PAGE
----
Dr. Fleiszig’s research focuses on the pathogenesis of bacterial infection of the cornea. The long-term goals are to determine why patients who wear contact lenses are prone to infection, and to develop novel preventative/therapeutic strategies based on the knowledge acquired. The approach being utilized is to work towards developing an understanding of how P. aeruginosa, the bacterium most commonly isolated from contact lens related infections, interacts with the epithelial cells that line the surface of the cornea on which contact lenses are placed. P. aeurginosa causes sight threatening pathology in the eye and life threatening infections at other sites, including serious lung disease in people with cystic fibrosis or HIV, and serious skin infections in burns victims. Thus, this line of research could ultimately lead to new means to prevent or treat several types of disease.
Specific projects include:
This long standing aim is focused on understanding the molecular factors that prevent bacterial penetration of the corneal epithelium when the eye is healthy, how the functionality of that defense system is modulated, and the bacterial factors that enable penetration when the system is compromised. Traditionally researchers have used “infection models” to study tissue interactions with bacteria. These involve deliberately compromising the tissue to induce enable susceptibility to infection. During the past few years, the Fleiszig lab has worked towards developing new models that do not bypass the need for bacteria to penetrate the epithelium, which is the event the laboratory seeks to understand. The Fleiszig laboratory has also successfully developed several in vivo and in vitro methods that together enable epithelial cell penetration by bacteria to be studied. In addition, novel imaging technologies are now enabling bacterial interactions with the epithelium to be imaged in living intact eyes.
Utilizing these technologies, in the past year the laboratory has been working towards determining virulence factors used by bacteria to traffic through the epithelium when it becomes susceptible. New data show that the type III secretion system, a toxin delivery system that bacteria use to inject proteins across host cell membranes, is critical for bacteria to penetrate the corneal epithelium.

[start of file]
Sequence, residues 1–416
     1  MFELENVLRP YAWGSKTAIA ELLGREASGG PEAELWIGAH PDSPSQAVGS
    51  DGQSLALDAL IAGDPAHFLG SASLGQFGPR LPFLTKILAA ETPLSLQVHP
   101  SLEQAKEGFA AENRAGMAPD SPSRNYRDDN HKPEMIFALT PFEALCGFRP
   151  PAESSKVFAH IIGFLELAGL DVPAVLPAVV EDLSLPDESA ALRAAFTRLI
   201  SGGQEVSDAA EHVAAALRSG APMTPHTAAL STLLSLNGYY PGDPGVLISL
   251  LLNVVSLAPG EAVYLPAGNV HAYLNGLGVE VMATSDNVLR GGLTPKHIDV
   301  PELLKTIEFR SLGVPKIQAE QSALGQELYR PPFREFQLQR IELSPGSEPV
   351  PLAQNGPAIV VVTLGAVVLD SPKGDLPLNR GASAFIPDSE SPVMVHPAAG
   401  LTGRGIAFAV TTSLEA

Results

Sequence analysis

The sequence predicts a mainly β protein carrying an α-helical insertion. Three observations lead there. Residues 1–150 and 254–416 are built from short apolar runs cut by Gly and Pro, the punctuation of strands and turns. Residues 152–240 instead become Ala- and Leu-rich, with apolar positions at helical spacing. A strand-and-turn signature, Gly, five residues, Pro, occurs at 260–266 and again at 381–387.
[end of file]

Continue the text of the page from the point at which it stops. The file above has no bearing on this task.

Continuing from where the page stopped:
In the past year, the laboratory has continued its efforts to develop therapies to prevent any type of infection of any body site based on eye derived molecules. The first year of the project revealed that human tear fluid modifies the biology of the corneal epithelial cells to enhance their resistance to microbes. In the past year, the laboratory worked on understanding the mechanisms by which tear fluid modifies epithelial cell immunity. Data show that tear fluid alters the expression of microRNAs, a rapid method by which gene expression can be modulated within tissues. Further, the laboratory has discovered that the corneal epithelial cells express a previously unknown class of antimicrobial peptides. The existence of these molecules helps to understand how epithelia resist infection, and could be used to developed new therapies to prevent or treat infection. Laboratory members who have contributed to this work are Drs. Connie Tam and James Mun, and UC Berkeley undergraduate student volunteers Gary Chan and Jong Hun Kim.
Another project in the laboratory is to understand the relationship between dry eye and susceptibility to infection. The knowledge gained is furthering our understanding of how the eye normally defends itself against infection, while also contributing to our knowledge about how dry eye impacts the biology of the ocular surface. New data show that dry eye in a healthy mouse does not predispose the eye to infection, and that this is related to upregulation of known defense factors.
This project is being conducted by Assistant Specialist Susan Heimer, who is also an Assistant Professor at Touro University-California College of Pharmacy. She is being assisted by undergraduate volunteer Kelsey Li-Chinn Liu.
The goal of the project is to determine the mechanisms used by invasive P. aeruginosa to survive inside corneal epithelial cells, and the relevance of intracellular survival to disease. Previously, the laboratory had found that ExoS, a protein encoded only by invasive P. aeruginosa strains, enables this capacity involving its ADP-r activity. New data show ExoY, another protein also secreted by invasive strains into host cells can also participate, but that it uses a completely different enzymatic (adenylate cyclase) activity. Other data reveal new insights into how the host responds to internalization by bacteria; for example that bacteria lacking the capacity to secrete these molecules are targetted to degradative compartments inside cells where they do not thrive.
A project nearing completion is an offshoot of the SCUT (Steriods in Corneal Ulcer Therapy) study being conducted at the Proctor Foundation in collaboration with a number of other international organizations. The role of the Fleiszig Laboratory is to classify P. aeruginosa strains isolated from infections to determine if they are invasive or cytotoxic. The hypothesis is that invasive and cytotoxic strains, which differ in how they interact with cells, are associated with different treatment outcomes in patients, as previously found by the Fleiszig laboratory in a study utilizing mice. Lab members involved in this project include UC Berkeley School of Optometry students Chelsia Leong and Avanti Ghanekar, lab manager Arjay Clemente and Drs. Connie Tam and James Mun.